A common view of mathematics is that it consists of a collection of tried and trusted computational techniques of various levels of difficulty, that can be hauled out when needed to solve a particular problem. This view is accurate as far as it goes: but it does not go very far.
Mathematics is an evolving and creative science. It is growing and developing in response to theoretical advances within itself, to the availability of new technology, and to the cogency of applications. These influences combine to shape the progress of the subject, and in turn the creation of new mathematical ideas generates original solutions to previously unsolved problems, establishes theoretical frameworks, stimulates technological change, and reveals further opportunities for the applications of mathematics.
The evolution of mathematics takes place in the minds of research mathematicians, where intuition and imagination coexist with ingrained precision and logical rigour. Fusing with a deep understanding of theory and technique, these facets of thought intermingle and coallesce into new mathematical ideas. It is a mysterious process. It is activated and experienced in individual ways by different mathematicians, searching for some far-reaching insight or for the next small piece in a complex array of reasoning. Eventually these new ideas are distilled into a theoretical result, or into an algorithm, or into a mathematical model.
To preserve the validity and reliability of mathematical ideas, the subject makes austere demands for assurance: for absolute certainty of the logical rigour of a theory, for the predictive power of a mathematical model, for elegance in an explanation. The outcome is the most secure body of knowledge assembled in human history.
The mathematician works against a cultural background of hundreds or even thousands of years of the development of mathematics, and also in response to the urgent demands for new or improved solutions to pressing, practical problems.
Who are the mathematicians? What sort of people are they? Faces of Mathematics offers a glimpse into the lives and personalities of some of the most successful and influential mathematical researchers currently working in the UK and shows mathematical research as a creative, human endeavour. We see engaging, passionate and enthusiastic people, with a shared commitment to the development of mathematical ideas and with a shared secret. They have looked long and hard at some of the most challenging problems in modern mathematics, statistics, and mathematical physics; and they share the secret of success, because they have solved these problems and made their own extraordinary contribution to the subject.
Marc Atkins has captured these individuals in his distinctive style, whilst they are engaged in talking about mathematics. Nothing could be more characteristic, for communication is the essence of modern mathematical research. Mathematicians talk about their subject all the time: informally to colleagues over coffee, or in detail and at a highly technical level to co-workers; face-to-face and by email; at one remove by sending out preprints and preliminary versions of research; and finally in the formal conversation represented by a published article in a research journal. Our Faces of Mathematics are seen talking about mathematics, and this brings us close to mathematics research in action.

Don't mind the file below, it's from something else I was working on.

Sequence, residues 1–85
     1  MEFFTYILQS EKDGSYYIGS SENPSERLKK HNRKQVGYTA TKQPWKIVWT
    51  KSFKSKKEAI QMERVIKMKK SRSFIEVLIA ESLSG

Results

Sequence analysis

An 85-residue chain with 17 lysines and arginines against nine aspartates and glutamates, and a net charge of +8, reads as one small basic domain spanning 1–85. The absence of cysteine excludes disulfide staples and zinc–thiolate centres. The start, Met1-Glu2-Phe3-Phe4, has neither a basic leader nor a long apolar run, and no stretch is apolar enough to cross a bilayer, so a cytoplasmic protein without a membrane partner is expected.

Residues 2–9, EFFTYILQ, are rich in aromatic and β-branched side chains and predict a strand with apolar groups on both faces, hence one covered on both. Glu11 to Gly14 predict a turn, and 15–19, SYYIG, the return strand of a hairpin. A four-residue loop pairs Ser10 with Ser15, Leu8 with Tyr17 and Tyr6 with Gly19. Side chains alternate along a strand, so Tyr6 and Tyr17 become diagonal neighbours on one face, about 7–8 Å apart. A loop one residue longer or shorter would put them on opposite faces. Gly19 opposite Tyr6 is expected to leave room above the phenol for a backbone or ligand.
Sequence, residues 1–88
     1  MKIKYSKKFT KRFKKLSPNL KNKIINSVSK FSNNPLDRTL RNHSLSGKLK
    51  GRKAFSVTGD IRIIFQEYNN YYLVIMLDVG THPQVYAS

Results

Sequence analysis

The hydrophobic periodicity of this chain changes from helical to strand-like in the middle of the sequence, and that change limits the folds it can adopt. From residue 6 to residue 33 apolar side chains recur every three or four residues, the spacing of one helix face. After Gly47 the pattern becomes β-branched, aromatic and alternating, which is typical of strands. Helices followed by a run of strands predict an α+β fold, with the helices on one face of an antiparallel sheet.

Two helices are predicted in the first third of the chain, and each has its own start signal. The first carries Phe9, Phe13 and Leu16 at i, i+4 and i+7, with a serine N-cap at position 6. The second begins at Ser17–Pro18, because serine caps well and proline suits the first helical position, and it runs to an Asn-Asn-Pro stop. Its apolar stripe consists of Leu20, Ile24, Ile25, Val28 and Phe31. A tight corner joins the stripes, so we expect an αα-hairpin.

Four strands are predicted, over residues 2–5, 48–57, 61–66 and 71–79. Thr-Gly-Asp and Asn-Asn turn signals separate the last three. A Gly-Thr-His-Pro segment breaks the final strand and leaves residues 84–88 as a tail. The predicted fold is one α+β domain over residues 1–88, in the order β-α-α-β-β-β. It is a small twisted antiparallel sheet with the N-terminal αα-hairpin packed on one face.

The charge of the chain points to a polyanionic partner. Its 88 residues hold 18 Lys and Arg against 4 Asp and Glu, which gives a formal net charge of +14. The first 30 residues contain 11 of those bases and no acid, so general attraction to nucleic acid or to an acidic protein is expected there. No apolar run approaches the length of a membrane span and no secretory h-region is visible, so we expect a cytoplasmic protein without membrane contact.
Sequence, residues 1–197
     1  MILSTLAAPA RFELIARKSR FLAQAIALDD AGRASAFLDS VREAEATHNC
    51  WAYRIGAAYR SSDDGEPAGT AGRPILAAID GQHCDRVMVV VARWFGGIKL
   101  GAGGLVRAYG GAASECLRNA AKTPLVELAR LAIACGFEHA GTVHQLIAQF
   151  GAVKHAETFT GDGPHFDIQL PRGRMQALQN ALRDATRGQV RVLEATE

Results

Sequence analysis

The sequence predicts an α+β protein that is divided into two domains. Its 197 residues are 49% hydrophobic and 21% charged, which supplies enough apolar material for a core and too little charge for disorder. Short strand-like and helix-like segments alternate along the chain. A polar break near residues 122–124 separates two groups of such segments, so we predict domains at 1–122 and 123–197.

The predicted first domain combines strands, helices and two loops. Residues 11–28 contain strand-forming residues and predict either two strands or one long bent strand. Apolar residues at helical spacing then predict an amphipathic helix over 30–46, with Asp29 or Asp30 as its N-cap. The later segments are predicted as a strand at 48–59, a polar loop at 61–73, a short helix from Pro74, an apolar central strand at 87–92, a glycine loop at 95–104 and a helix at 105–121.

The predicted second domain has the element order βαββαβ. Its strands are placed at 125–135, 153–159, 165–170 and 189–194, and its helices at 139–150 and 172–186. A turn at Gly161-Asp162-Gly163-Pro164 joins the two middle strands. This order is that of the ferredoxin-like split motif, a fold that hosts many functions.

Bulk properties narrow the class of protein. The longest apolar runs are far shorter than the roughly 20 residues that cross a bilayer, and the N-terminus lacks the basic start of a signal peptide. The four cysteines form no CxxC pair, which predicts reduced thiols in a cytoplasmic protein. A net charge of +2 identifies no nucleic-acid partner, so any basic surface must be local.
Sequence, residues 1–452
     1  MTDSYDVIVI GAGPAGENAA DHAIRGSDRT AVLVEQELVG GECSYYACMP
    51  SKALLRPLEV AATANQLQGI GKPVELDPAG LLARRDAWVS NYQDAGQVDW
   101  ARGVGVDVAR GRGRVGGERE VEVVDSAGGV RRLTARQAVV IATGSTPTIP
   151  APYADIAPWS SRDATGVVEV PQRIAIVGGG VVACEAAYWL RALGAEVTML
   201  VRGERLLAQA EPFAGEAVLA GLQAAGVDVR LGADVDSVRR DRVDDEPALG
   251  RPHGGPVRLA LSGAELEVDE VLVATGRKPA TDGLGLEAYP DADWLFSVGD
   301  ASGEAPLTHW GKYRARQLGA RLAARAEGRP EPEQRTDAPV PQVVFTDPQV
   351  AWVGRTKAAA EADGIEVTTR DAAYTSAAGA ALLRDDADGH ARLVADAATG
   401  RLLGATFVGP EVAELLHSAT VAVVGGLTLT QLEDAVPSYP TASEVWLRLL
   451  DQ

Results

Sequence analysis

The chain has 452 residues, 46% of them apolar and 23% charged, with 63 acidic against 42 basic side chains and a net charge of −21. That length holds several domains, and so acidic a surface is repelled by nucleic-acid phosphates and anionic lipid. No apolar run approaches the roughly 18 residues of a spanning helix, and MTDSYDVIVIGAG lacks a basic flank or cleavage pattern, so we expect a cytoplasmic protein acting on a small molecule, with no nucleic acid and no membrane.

This project depended for its success on the cooperation and enthusiasm of the mathematicians whose images we sought. Marc and I wanted to meet them in a usual working environment - typically this was in a departmental office, or in a college room, but was occasionally at home. We travelled up and down the country during 2000 and early 2001, exploring not only the different intellectual aspects of mathematical research, but also sampling the different atmospheres and architectural styles in which it is carried on. At times we were ensconced within walls that had witnessed hundreds of years of the cultural background to modern science: at other times we wandered through a University building constructed in the 1960's in response to, and in anticipation of, technological change.
We were always made very welcome, though the welcome was at times a little guarded. Mathematicians are not often in the public eye and so few are used to being the sole focus of the attention of a professional photographer, and Marc Atkins' height lends him a dominating presence in an average-size room. Yet once the conversation began to flow - and once I had abandoned my scripted questions - mathematics took over, and we settled into the style of a coffee-break exchange between two mathematicians about the general direction and of progress research.
Our aim was to generate or, given my own limited expertise, to simulate this sort of discussion, so that Marc could track down the image he wanted when mathematics research was in the foreground. Despite the regular punctuation of the smooth snap of Marc's SLR shutter, the act of photography was allowed to drift into the background, and the filming of a video segment could be done quite unobtrusively. The conversations proceeded in a fairly technical style, so that Marc heard the rhythms of the flow of ideas and the innate poetry of the precisely crafted vocabulary of mathematics. Taking his cue from the animation behind the words, Marc found the image and the essence of the meeting.